Comic Review: Doomsday Clock #2 (DC Comics)

Jeez, Louise!!!!!!! This book is gearing up to be one of the most exciting events in all of comicdom, if not, possibly one the most exciting superhero events in comic […]

Jeez, Louise!!!!!!! This book is gearing up to be one of the most exciting events in all of comicdom, if not, possibly one the most exciting superhero events in comic book HISTORY.

The clock is ticking as Ozymandias, Rorschach, and their little outfit search for Dr. Manhattan while the rest of the world is burning to the ground. But where is Dr. Manhattan? Meanwhile, things are getting intense with the home of the DC Universe as Batman is no longer seen as the symbol for Gotham, Wayne Enterprises and Lex Corp are at odds over information that has caused public outcry against the superhuman community. There are tons of things happening within this book that only the readers will discover as they read the comic and boy does Geoff Johns and company throw a whole lot of curveballs that will leave you surprised by the end of this book.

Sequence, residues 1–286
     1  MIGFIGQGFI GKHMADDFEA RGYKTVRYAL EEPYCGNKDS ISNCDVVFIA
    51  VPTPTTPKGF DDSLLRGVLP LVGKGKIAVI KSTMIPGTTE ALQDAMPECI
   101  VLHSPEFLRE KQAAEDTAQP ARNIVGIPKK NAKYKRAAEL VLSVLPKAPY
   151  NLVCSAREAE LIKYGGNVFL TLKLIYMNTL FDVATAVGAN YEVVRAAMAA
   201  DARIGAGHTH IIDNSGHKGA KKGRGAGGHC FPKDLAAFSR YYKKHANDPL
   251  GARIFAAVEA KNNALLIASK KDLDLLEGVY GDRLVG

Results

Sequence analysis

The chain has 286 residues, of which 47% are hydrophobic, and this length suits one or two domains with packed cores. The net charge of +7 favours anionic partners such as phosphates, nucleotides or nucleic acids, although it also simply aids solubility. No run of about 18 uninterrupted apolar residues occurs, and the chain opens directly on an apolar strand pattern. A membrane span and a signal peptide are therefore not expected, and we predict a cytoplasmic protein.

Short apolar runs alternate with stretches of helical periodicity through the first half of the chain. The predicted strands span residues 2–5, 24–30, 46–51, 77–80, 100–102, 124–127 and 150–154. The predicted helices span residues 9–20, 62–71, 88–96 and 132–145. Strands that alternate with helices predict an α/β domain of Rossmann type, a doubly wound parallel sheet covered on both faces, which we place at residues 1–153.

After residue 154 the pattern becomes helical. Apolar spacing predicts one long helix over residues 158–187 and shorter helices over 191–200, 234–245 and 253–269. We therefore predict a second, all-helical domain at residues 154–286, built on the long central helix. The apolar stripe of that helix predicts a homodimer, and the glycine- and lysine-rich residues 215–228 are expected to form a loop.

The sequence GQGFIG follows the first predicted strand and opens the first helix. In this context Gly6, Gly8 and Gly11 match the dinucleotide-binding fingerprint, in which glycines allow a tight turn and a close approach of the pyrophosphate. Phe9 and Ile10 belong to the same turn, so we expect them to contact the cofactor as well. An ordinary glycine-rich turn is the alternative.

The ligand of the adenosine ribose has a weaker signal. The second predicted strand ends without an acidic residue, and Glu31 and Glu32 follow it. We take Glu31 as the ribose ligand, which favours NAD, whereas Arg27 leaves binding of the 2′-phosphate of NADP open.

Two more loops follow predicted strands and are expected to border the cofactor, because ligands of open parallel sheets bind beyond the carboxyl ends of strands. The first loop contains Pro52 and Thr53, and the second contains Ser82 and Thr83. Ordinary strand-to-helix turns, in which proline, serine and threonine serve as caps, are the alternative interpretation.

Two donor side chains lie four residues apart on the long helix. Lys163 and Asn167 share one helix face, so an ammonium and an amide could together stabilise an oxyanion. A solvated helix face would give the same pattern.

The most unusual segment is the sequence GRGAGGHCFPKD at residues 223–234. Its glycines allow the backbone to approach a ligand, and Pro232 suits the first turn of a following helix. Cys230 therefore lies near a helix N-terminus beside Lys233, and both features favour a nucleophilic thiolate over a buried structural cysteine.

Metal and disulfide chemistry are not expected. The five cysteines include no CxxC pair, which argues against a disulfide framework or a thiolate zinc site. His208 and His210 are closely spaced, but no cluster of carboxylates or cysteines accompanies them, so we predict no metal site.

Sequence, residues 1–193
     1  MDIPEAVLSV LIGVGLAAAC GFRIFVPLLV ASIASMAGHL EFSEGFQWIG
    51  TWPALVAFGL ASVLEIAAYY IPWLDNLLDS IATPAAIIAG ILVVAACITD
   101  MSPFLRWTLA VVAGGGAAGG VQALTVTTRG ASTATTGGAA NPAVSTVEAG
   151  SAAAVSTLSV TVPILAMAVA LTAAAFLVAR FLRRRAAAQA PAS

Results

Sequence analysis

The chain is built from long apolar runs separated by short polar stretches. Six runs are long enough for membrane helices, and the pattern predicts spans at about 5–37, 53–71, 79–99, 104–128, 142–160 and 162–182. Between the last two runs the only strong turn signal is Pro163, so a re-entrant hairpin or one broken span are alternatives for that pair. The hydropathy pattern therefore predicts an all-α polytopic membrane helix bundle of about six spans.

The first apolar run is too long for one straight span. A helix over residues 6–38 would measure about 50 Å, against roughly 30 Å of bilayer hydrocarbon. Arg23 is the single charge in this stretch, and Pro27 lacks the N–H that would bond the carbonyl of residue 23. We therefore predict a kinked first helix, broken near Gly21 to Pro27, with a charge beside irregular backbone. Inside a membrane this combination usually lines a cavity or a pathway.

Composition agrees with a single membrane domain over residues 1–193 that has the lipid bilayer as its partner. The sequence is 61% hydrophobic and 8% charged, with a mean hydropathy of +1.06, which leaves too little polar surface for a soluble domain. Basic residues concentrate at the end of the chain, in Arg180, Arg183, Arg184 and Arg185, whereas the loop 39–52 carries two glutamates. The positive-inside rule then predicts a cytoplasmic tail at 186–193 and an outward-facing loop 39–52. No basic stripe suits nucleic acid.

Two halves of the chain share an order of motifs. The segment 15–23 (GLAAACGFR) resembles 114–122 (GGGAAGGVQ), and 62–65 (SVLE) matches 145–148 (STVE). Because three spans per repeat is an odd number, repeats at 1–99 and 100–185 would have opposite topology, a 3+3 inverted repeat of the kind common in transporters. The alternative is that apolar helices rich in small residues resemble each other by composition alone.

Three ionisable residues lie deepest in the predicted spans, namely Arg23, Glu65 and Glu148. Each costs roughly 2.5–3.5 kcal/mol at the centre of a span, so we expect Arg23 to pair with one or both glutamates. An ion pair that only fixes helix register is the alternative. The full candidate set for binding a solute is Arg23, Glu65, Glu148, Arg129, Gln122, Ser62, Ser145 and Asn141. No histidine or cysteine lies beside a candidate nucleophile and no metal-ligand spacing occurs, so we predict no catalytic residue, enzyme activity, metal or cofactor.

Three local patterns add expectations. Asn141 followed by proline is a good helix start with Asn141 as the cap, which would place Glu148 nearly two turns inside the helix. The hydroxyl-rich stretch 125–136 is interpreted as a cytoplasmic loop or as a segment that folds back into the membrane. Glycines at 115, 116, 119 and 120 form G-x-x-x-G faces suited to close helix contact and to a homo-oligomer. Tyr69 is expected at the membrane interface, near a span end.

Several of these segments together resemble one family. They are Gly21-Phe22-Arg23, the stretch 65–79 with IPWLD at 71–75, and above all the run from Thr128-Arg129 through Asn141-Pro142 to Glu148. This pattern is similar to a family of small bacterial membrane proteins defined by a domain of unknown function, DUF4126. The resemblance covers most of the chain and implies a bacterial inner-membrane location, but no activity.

What’s great about Geoff Johns writing is that the world builds the stories providing context and character motivations that make sense and feels natural to the worlds that these characters reside in. It’s interesting to see Johns channeling Moore’s voice whenever he brings in characters from the world of Watchmen. And seeing the Watchmen characters inclusion to the overall fabric of the DC Universe is exciting with every page. Each page develops great tension making the story engaging, especially in the subtle, quieter moments where characters interact with one another. There scenes where Johns crafts some memorable moments that will go down as some of the best pages reveals and interactions in the history of comics. With that being said, it’s an overall solid job that Johns is doing and I only hope the payoff is as good as the journey that he is taking the readers on.

Gary Frank’s art is so perfect for this book that it’s amazing how detailed and cinematic this comic is. I can’t and could not see another artist drawing this book in a way that feels like a great visual descendent of Dave Gibbons visually narrative style. From cross-hatching to panel layout Frank delivers in every way. Each page is so well drawn that will leave readers revisiting every page to soak in all the key details and then some.

Overall the whole entire team on this book including the inkers, letterers, and colorists have done a phenomenal job in this issue. This event (while it’s only two issues in) is showing fantastic promise and I only hope that Johns and Company do so well that they can stick the landing.

Anthony Andujar Jr.

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